Many in the energy business, whether or not they support President Obama’s positions on energy and the environment, are likely to think, “Look, the US is a big ship. It cannot be turned around in a couple of years, and even if they tried, you can right the course at the ballot box.”
Actually, you can’t. The United States is still a nation of laws, and without strong political support, the acts of one administration cannot be easily reversed or undone by the next.
But there is more to the story than simple inertia and political head-counts. Each new administration enters with an agenda of positive goals. Spending time and political capital on your predecessor’s agenda can often find its way to the bottom of the to-do list. Moreover, a new president has only a limited circle of advisers. They cannot know everything about what the last guys did (Hayek’s revenge).
So it is that we find ourselves saddled with a whole series of outmoded, inappropriate, and just plain counterproductive energy laws and regulations. What is astonishing is the longevity of policies that prevent the United States from developing and implementing a constructive approach to energy, an approach that could use the totality of our resources to fashion a constructive, efficient and clean energy system.
The Bad Past
The U.S. political class in the 1970s was not one to let a good crisis go to waste. Indeed, this is what was done in the 1970s:
First, Nixon and Ford set the stage with price controls and product allocation rules, including:
But the Carter Administration really got the ball rolling toward ill-conceived, disincentivizing, counterproductive policies. Some of the greatest hits of that era included:
Nuclear Non-Proliferation Act (1978) – under that benign banner lurked a prohibition on reprocessing the spent fuel from civilian nuclear power reactors (the other 95% of the energy in the fuel rods), leading to the waste storage “problem” that inhibits development of nuclear power to this day;
Natural Gas Policy Act (1978) – established 8 different pricing tiers for gas and set them on a path to converge with oil by the mid-1980s, preventing the emergence of a natural gas market until the 1990s; prohibited the use of natural gas for new electric power plants (except for cogeneration);
Solar Tax Credits (1979) – encouraged significant spending on immature and inefficient solar technologies;
Windfall Profit Tax (1980) – Intended to raise more than $100 billion by taxing the “excess” profits of oil producers in the United States, raised only $40 billion before it was repealed in the late 1980s, but reduced domestic oil and gas production by 6-10 percent over that period;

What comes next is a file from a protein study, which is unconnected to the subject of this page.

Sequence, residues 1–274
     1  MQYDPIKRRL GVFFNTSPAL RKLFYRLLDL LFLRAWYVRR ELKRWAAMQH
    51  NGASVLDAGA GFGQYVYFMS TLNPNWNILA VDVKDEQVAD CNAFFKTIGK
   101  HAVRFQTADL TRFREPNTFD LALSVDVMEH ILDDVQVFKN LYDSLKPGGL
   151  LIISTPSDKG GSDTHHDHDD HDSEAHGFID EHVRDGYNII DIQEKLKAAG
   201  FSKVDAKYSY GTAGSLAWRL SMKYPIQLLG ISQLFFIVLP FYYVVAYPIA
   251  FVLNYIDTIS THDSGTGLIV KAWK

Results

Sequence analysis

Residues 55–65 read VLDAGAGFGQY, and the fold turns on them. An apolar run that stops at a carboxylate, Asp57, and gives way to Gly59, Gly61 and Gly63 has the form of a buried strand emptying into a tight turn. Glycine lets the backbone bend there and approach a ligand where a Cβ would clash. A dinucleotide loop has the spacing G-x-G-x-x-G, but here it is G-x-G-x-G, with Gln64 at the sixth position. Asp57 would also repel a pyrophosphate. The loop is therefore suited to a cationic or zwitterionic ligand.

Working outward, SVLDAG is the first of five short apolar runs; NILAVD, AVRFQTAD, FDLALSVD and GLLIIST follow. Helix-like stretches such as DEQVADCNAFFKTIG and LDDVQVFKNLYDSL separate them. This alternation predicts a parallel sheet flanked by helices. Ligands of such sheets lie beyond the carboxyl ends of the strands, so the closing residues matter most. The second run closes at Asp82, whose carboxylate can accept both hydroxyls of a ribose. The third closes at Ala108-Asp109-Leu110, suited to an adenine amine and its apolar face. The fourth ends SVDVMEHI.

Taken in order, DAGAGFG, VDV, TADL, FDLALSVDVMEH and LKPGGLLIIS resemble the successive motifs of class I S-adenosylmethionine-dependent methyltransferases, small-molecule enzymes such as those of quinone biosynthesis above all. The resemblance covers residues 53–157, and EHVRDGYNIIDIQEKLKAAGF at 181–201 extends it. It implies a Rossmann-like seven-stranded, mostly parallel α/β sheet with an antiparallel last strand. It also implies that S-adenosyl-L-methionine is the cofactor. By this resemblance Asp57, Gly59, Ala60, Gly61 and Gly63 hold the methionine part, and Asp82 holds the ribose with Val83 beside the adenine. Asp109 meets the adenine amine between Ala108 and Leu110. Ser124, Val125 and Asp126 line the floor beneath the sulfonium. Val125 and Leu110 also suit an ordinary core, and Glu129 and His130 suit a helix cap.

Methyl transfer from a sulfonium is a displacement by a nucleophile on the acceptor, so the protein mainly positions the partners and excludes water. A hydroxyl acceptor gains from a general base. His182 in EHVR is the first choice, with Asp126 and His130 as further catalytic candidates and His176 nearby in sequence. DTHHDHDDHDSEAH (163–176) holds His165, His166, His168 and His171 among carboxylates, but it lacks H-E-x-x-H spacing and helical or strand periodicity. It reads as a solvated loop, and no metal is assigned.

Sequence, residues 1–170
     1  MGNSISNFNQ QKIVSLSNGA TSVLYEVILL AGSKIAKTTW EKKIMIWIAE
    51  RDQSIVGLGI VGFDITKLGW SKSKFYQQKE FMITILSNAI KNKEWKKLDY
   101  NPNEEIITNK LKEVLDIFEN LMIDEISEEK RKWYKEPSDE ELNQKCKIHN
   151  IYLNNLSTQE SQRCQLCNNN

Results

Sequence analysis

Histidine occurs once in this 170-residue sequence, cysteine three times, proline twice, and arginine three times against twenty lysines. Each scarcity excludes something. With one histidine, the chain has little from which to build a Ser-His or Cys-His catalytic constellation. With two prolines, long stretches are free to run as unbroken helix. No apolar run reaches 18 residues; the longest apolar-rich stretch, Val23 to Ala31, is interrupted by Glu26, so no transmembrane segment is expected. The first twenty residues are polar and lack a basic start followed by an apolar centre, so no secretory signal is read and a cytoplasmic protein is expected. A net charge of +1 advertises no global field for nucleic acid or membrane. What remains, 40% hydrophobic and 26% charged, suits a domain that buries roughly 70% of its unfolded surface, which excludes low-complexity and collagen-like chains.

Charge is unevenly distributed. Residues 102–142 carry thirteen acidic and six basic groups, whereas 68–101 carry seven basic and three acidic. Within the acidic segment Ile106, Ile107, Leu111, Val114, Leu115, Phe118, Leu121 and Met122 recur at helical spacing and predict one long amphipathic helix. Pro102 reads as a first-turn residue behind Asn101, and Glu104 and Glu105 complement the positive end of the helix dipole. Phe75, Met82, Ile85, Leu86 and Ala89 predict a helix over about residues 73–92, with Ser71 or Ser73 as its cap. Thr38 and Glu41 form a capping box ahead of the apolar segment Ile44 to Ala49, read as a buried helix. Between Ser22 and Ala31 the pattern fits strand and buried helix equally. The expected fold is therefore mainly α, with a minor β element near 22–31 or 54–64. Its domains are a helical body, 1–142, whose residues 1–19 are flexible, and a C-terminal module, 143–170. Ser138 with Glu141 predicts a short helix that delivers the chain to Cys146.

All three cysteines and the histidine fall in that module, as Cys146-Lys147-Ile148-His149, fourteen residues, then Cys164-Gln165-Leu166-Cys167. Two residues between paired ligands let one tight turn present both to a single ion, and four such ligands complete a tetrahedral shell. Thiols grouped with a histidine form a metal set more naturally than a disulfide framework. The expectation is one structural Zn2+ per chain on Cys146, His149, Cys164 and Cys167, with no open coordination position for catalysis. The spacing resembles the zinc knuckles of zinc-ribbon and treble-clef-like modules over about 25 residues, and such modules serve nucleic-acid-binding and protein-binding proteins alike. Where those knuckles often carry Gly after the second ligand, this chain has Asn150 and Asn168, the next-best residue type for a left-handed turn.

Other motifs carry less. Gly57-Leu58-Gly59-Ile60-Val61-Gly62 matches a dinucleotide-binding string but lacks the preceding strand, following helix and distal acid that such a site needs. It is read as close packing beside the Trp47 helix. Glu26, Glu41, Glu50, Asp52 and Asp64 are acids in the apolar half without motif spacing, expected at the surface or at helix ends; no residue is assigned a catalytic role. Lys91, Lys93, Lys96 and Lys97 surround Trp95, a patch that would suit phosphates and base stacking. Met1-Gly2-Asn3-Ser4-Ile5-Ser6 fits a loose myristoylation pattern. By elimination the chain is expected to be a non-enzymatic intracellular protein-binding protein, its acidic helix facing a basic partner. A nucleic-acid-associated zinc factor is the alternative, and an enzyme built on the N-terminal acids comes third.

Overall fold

Energy Security Act (1980) – established the Synthetic Fuels Corporation, a public-private partnership intended to improve the technology of coal and shale liquefaction/extraction and eventual commercialization. This act was repealed in 1986, after spending just $1.2 billion on 3 projects. In one of the supreme ironies of the entire 1970s energy policy frenzy, this $1.2 billion was perhaps the most cost-effective technology funding by the U.S. Government in that period. Though it was not used to produce shale oil or coal-based liquids, the technology to convert heavy, dirty feedstocks to light refined products was used by U.S. refiners to produce a slate of valuable light products from less expensive, heavy crudes, saving U.S. consumers many billions of dollars in crude acquisition costs over the years.
With the coming of the Reagan Administration in 1981 some of these measures were swept away, including price controls, entitlements, and some provisions of the Natural Gas Policy Act. For others, including the Synfuels Corporation, Solar Tax Credits, and Windfall Profit Tax, legislative relief was required, which did not come until late in President Reagan’s second term.
For the domestic oil and gas industry the Malthusian gloom of the Carter years inhibited interest in readily available oil and gas reserves, hiding behind a belief that oil and gas were doomed to run out soon in any event. Jimmy Carter was a fan of Peak Oil Theory before the current decade’s bandwagon was ever conceived.
In the end, the energy policies of that past 30 years that had significant positive effects were mostly of the “first do no harm” variety. Most of those policies were enacted during the 1980s, so as to undo some of the most egregious acts of the 1970s. With the exception of the spectacular unintended consequences of the (relative) pittance in Synfuels Corporation funding, all of the careful mandatory allocations, use restrictions, production restrictions, punitive taxes, price controls and technology development showed either negative impacts on the supply of energy or no discernable effects on energy supply and use.
A number of the Carter era policies have remained part of the US Government’s official approach to energy: restrictions on offshore oil and gas production, “catch-22” type regulation of spent nuclear fuel, reliance on overall manufacturer fuel economy standards rather than prices to encourage conservation of gasoline, and last, but not least, the ethanol tax credit.
The price that we have paid for these interventions – less domestic energy production, more price volatility, aging network infrastructure – far exceeds any of the supposed benefits of such policies. Now we have a new president who wishes to make his name by even more massive intervention in energy markets – since it worked so well the last time. We face grandiose plans that start from the assumption that markets do not work and private firms cannot be trusted to make the “right” types of investments, when, in fact, most of our “remnant” problems result from ignoring rather than following market pricnciples. If the 1970s are any guide we will live with the consequences of our follies for many years.
It is much better to choose wisely than quickly.